By Roger C. Wilson*
© 2018 The Roger C. Wilson Law Firm, PC, Atlanta Georgia
After the first jury trials in prosecutions for a new federal financial crime - “spoofing” - the score is even as between the Government and defendants. The litigation experience to date provides possible instruction and strategy roadmaps for lawyers handling future spoofing cases and other cases involving similar alleged financial crimes.
The crime of “spoofing”, applicable to commodities trading, was created by the Dodd-Frank Act in 2010 (new section 4c(a)(5)(C) of the Commodity Exchange Act -- (7 U.S.C. § 6c(a)(5)(C)). (Termed “spoofing” in the new statute, it is also referred to as “layering”.) Basically, it is the placing of buy or sell orders for commodities with the intention that the orders will not be completed. The new law targets situations in which such orders are placed solely to affect market price and in the commodity, so that the person placing the orders then can benefit from the resulting price moves by conducting actual trades at the new prices.
The spoofing prohibition is one part of the larger targeting of “market manipulation”, also applicable (by other statutes) to the trading of stocks as well as to commodities.
In late 2016 the first spoofing case went to trial in Chicago against New Jersey resident, Michael Coscia, on twelve charges of spoofing and commodities fraud. (For each of six transactions targeted in the indictment, Coscia was charged with both spoofing, under 7 U.S.C. §§ 6c(a)(5)(C) and 13(a)(2), and criminal commodities fraud under 18 U.S.C. § 1348.) 1:14-CR-00551 (N.D. Ill). In a dramatic opening success for the Government, the jury took barely an hour to find Coscia guilty on all counts.
New indictments and cases followed the initial success. A few weeks ago the second case went to trial, this one against a UBS trader, Andre Flotron. 3:17-CR-00220 (D. Conn.). Equally dramatically, in that second trial the jury took not much longer than an hour to find Flotron not guilty. To complete the drama, just after the Flotron acquittal, the U.S. Supreme Court declined to consider Coscia’s appeal of his conviction.
Thus, the score is now 1 to 1 for the Government and defense, and the Supremes are not getting involved. Defense lawyers in future trials will be anxious to identify and utilize any lessons or strategies that may be available from these two opening trials.
A threshold issue for prosecutions such as these is venue (the location of bringing of a prosecution). The Constitution requires that a criminal prosecution be brought in the state where the crime or crimes were committed. That can be less easy to determine in “white collar” financial-crime cases, where the relevant conduct may be more complex and difficult to pin down in location. This can present more opportunities for defense counsel; and the first two spoofing cases show how that can matter.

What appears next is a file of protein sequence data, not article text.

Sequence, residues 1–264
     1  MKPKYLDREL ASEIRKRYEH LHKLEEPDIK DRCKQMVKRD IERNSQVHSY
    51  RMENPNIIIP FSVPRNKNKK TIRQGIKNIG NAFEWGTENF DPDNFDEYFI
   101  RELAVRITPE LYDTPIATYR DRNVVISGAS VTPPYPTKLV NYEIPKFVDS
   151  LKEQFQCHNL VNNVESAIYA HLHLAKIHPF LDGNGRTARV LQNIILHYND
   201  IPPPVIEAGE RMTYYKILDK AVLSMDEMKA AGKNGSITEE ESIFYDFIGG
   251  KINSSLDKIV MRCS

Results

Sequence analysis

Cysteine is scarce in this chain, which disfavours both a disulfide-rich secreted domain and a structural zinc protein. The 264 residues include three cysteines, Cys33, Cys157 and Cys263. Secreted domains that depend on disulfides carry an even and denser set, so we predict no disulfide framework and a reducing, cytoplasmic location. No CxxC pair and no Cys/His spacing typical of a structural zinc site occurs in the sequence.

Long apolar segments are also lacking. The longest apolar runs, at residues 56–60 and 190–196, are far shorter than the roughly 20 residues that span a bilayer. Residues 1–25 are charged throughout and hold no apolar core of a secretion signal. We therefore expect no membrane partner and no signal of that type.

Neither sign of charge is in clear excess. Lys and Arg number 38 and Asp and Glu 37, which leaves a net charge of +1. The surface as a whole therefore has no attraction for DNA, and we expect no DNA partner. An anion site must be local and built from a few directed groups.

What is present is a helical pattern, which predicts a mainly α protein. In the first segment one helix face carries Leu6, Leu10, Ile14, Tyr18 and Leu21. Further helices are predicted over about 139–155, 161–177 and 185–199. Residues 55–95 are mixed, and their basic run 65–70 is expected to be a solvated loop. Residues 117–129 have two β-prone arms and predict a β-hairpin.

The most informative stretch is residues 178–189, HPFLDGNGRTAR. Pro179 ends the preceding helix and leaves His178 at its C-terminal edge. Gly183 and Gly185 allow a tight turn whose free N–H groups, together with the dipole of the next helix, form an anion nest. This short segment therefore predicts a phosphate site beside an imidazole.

Coscia, a New Jersey resident, was prosecuted in Chicago, because he conducted his trading activity at least in part through the Chicago Mercantile Exchange Group, located there. Flotron’s trading also was in Chicago. However, the federal Government prosecuted him not in Chicago but in Connecticut, where he lived. Consequently, his lawyers were able to get six of the seven charges against him (three spoofing counts and three commodities fraud counts) dismissed based on improper venue.
The only charge then remaining against Flotron was a conspiracy count. Conspiracy (agreement and coordination among two or more people to commit a crime) can be an offense separate from the actual crime that the persons conspired to commit. Often it is charged as a separate crime in the same indictment with, and in addition to, the underlying substantive crimes. A defendant can be convicted of conspiracy even if not convicted of the underlying charged crime—indeed, even if not charged with the underlying substantive crime. And conspiracy is a broadly defined crime that can be easier to convict on than the substantive crime.
But the dismissal of all charges but one against Flotron before his trial even began clearly was a substantial setback for the Government. It bears consideration whether the result might have been different for Flotron if the Government had prosecuted him in Chicago, like Coscia.